• Make more money

  • Improve my relationships

  • Give generously

  • Have more energy

  • Heal my body

  • Tone my muscles

...are great results, but they don't give your mind anything specific to focus on to get there--

In a nutshell, that was my problem.

I could see the end state, but the steps to get there were too fuzzy so nothing I was working on was filled with confidence I had chosen that action wisely.

That's why I felt conflicted and unmotivated every time I sat down to work.

I had a bunch of gaps in my thinking.

When the mind can't picture 1) a complete narrative and 2) where you are in the story, motivation can't gain a foothold because the mind doesn't know if what you're doing matters.


What Nina and I needed was a way to represent scope, timing, and task list in one picture.

We needed to envision how all the moving parts fit together.

Word documents and spiral notebooks only took us so far, so we found a way to create a picture.

This DIY whiteboard (which cost less than $80 by the way) did two important things:

  1. It solved the big problem of helping us see the interrelated parts.

  2. It answered the timing questions.

As soon as we had just the whiteboard concept, we knew we needed to adjust our timeline.

This visual counterpunch to overwhelm wasn't enough to knock him out, but it allowed us to get off the ropes and stop playing defense.

The next big win came from breaking down the major tasks by months, weeks, and days.

Mapping out the big picture in great detail also:

  1. Brought clarity on the major milestones we needed to set and when.

  2. Helped us recalibrate expectations and adjust our tasks lists with greater clarity.

One of the things we teach in our annual Planning Intensive (and reinforce throughout the year) is the power of breaking down big goals into smaller and smaller milestones.

But...overwhelm still has another trick up his sleeve.


Once you have developed a solid plan, another way overwhelm can creep back in is to remind you of how far you still have to go.

It can feel daunting when you look at all the steps in front of you.

The trick, is to not get fixated on the steps you've not taken.

The beauty of a detailed plan is, if done well, it lets you forget about the rest of the steps.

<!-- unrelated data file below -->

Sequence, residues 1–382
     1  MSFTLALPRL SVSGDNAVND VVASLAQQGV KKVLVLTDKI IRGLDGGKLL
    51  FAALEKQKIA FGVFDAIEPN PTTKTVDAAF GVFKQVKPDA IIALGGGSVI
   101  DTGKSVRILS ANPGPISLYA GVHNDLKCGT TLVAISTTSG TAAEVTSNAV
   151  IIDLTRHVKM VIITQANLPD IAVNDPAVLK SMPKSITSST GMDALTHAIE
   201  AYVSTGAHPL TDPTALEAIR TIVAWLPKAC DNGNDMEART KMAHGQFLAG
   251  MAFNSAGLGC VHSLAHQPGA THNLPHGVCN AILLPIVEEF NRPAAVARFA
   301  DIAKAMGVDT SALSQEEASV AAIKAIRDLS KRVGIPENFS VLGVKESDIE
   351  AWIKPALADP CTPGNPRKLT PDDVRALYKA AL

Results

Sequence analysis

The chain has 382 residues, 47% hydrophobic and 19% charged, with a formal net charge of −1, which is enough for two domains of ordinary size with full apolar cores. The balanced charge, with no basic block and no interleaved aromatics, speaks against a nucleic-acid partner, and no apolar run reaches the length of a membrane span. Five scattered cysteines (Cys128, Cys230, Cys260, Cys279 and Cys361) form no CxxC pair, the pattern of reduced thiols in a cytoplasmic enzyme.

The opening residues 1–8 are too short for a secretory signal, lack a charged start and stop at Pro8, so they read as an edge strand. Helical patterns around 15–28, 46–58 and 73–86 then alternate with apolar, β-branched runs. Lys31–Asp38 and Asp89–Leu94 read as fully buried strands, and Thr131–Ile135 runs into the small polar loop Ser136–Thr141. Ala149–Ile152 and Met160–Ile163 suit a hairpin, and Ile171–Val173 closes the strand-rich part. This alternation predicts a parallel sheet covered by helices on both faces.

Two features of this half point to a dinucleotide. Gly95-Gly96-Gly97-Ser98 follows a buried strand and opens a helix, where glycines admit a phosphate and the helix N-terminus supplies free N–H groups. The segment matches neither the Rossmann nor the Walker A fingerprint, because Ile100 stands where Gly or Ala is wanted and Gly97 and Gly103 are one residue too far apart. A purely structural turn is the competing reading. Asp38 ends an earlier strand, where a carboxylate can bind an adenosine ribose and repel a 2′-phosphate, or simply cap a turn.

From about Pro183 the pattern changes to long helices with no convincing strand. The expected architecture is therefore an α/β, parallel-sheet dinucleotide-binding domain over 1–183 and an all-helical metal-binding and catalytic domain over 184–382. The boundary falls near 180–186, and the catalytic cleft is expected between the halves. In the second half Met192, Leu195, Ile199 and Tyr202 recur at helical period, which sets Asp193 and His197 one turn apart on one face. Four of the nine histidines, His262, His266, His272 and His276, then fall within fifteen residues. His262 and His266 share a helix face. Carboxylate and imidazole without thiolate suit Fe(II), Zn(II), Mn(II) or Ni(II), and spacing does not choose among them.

In other words, it lets you stay focused on the next step in front of you.

To be successful today, all you have to do today is take one step.

Tomorrow all you have to do is take another.

You to that, and overwhelm is no longer an issue.


We've found that a roughly, once-a-week rhythm of stepping back and relooking at the whiteboard (the big, overall plan) helps in a couple key ways.

  1. It helps us check in to see if we're on track. Indeed, realizing that we are on track fuels us with a deeper sense of motivation.

  2. In instances where we have fallen behind or drifted, we can evaluate what knocked us off course and use that information to set up the week ahead.

The key point is that in either instance above, that zoom-in, zoom-out rhythm helps us avoid feeling overwhelmed.

For me, I've found that protecting at least a couple hours of "open thinking time" (usually on Friday afternoon)--where I have no agenda--provides a natural opportunity to zoom out, reflect on the big picture, and plan the week ahead.

During that time I get to glance at the big staircase, see how I'm doing, refocus myself, adjust if needed, and then forget about the rest of the staircase.

When I'm diligent at that simple practice, overwhelm can't get his foothold back.


If overwhelm has you on the ropes, consider this...

What is regularly the worst part of your day?

In other words, bring to mind whatever is the biggest source of stress right now.

With that in mind, ponder these questions...

  1. Is the thing you're currently entangled in worth the stress?

  2. Is there a part of the project you can let delegate, cut, or outsource?

  3. If not, can you adjust something about the timing or your level of involvement?

Essentially, what we're trying to get at is clarity about the big picture and what it would take to unentangle from the feeling of overwhelm?

Other mental "rabbits" (sometimes) worth chasing are the "wild-hare" ideas...i.e. can you envision an alternate universe where you perhaps...

  • Live somewhere different

  • Call in a favor from a friend

  • Begin (or end) a relationship

  • Take a different job, or build your own

  • Learn something from a completely different industry

  • Creatively finance something that will alleviate (not eventually add more) stress


Overwhelm is going to come in life.

Anytime you try something meaningful, overwhelm will eventually show up ('s one way to know if you're working on something important).

When it shows up, it will do his best to knock you down.

Learn to embrace overwhelm as an opportunity to realize you are...

  1. On the verge of being stretched in a meaningful way.

  2. Taking on too much and need to reevaluate priorities.

In either instance, overwhelm loses, and motivation returns.

Overwhelm isn't fun, but when you know it's weakness, you can defeat it.


The formula for beating overwhelm (as far as I can tell) is these "simple" steps.

  1. Take a few, slow, calming breaths through the nose.

  2. Ask "what else" and keep writing until you're done.

  3. Confirm you're focused on the right mission.

  4. Break down the major tasks at hand.

  5. Organize a realistic timeline.

  6. Choose the next step.

After you've done those steps, zoom out at least weekly to assess your progress.

Use the above as a framework and you'll be able to put overwhelm into submission whenever it shows up.

You got this.

And, if you want some help, I'm here for you. Write me at

(Oh, and if you want to stay updated about our upcoming family program, click here.)

Until next time,


PS. If you need a good sounding board to help you push back against overwhelm (especially with health goals), we should chat. I'll get you back on terra firma in about 45 minutes.

PPS. If you're curious how your avoidance patterns and stress responses play into your health goals, you might appreciate our Health-Transformation-Type Quiz. It'll help you know yourself better.